'Diamond cut' wheels - what a pain!

'Diamond cut' wheels - what a pain!

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Discussion

karma mechanic

Original Poster:

636 posts

72 months

Thursday 11th June 2015
quotequote all
My new car came with wheels that have the outer face machined and polished, so called 'diamond cut'. They are BMW 598M's. After 3 weeks I've managed to scuff the edge of the rim of one of the rears.



I'm told that there is no way to touch up scuffs.

I can get the whole wheel refurbished, but that involves stripping the whole wheel back to bare metal and starting again, so I'd worry that the internal paint colour didn't quite match the others. My original plan was that once I'd collected a few scuffs and scratches I'd consider getting all four done, maybe to a different base colour. That was the contingency plan for a year or two down the road, not three weeks...

I'm inclined to leave it for now on the basis that you have to look quite close to see the marring (the pic above is from an angle where the light accentuates the scratches), but on the other hand the scratches will tend to pick up brake dust and look worse as time goes on.

So, has anyone found a way to have minor scuffing retouched with shiny paint?

Leave it until there's more to rectify?
Get it fixed now because it is a new car and it spoils it?

Opinions please.




steveo3002

6,951 posts

124 months

Thursday 11th June 2015
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nah no way to touch them up , and you will find they hold up to the weather too well either

id wait until you have a few marks and have them painted silver or whatever you like

swisstoni

8,535 posts

229 months

Thursday 11th June 2015
quotequote all
Yes, I could have gone with diamond cut wheels when I bought a car recently but went with conventional finish.
They look really nice when new but look like a right nuisance.

I wish I had shares in the wheel refurb industry.

Impasse

15,099 posts

191 months

Thursday 11th June 2015
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T-cut. Yes, I know tragic PH meme, but in this case a gentle application of a mild cutting compound could improve the appearance enough to take your eye off it. If you use a little lacquer afterwards you may slow down any corrosion setting in. At the very least you'll have bought yourself some time to contemplate your next move.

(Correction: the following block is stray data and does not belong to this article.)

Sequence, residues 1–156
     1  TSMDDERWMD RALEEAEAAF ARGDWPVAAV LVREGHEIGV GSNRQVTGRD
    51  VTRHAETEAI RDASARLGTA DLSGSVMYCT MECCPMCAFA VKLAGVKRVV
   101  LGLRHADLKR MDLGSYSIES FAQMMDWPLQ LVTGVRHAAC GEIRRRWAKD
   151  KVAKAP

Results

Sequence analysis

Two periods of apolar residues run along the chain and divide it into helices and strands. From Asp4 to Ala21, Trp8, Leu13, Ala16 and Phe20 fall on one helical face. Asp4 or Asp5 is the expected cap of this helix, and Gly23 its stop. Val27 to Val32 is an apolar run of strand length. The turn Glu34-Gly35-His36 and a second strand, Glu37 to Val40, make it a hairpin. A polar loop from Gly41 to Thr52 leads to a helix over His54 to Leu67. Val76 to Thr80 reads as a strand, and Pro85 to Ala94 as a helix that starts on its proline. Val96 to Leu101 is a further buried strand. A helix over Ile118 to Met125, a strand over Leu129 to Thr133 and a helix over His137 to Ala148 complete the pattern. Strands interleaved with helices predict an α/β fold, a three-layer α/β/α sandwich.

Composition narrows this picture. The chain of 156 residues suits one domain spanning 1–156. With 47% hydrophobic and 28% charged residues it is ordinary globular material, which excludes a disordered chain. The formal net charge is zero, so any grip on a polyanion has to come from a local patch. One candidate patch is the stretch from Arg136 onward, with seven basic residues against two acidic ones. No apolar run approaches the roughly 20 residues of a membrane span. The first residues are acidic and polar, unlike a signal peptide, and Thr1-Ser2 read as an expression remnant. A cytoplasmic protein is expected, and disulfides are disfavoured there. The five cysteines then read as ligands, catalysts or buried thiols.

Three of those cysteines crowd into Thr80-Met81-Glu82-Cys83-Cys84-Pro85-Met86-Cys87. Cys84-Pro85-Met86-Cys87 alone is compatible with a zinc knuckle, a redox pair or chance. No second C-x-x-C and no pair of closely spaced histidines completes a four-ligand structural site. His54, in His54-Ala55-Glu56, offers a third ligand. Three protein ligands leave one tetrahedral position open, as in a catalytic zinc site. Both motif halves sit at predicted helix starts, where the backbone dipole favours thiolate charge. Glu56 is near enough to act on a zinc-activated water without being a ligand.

HustleRussell

17,335 posts

110 months

Thursday 11th June 2015
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Ugly too. Just as ugly as they were 25+ years ago.

AB

15,706 posts

145 months

Thursday 11th June 2015
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I wish my wheels were as scuffed as that!

My OH seems to have smashed mine a fair few times. I've chunks out of the two N/S ones.

robdcfc

416 posts

108 months

Thursday 11th June 2015
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You can sand the damage out down to 1500-2000 grit paper and then polish it up to take your eye off it.

We normally do this on trade cars or paint them silver.

karma mechanic

Original Poster:

636 posts

72 months

Thursday 11th June 2015
quotequote all
robdcfc said:
You can sand the damage out down to 1500-2000 grit paper and then polish it up to take your eye off it.

We normally do this on trade cars or paint them silver.
That's the odd thing, I would have thought that sanding off the scratchy bits and then laquering would look better than leaving it untouched, but nobody offers it. Of course I'd probably make it a lot worse, and then take the full set of wheels to be painted in gunmetal...

Matttracker

630 posts

97 months

Thursday 11th June 2015
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Do what rob said, the scuff looks fairly small on my phone, so wet and dry 400/600/1200/2000 polish but then spray some rattle can lacquer over it to seal it. Polished wheels are a pain left open to the elements. My split rims are a nightmare to look after.
Leave it like that until you get them all refurbed.then get them all powdercoated gunmetal and forget about them!

Zippee

12,053 posts

184 months

Thursday 11th June 2015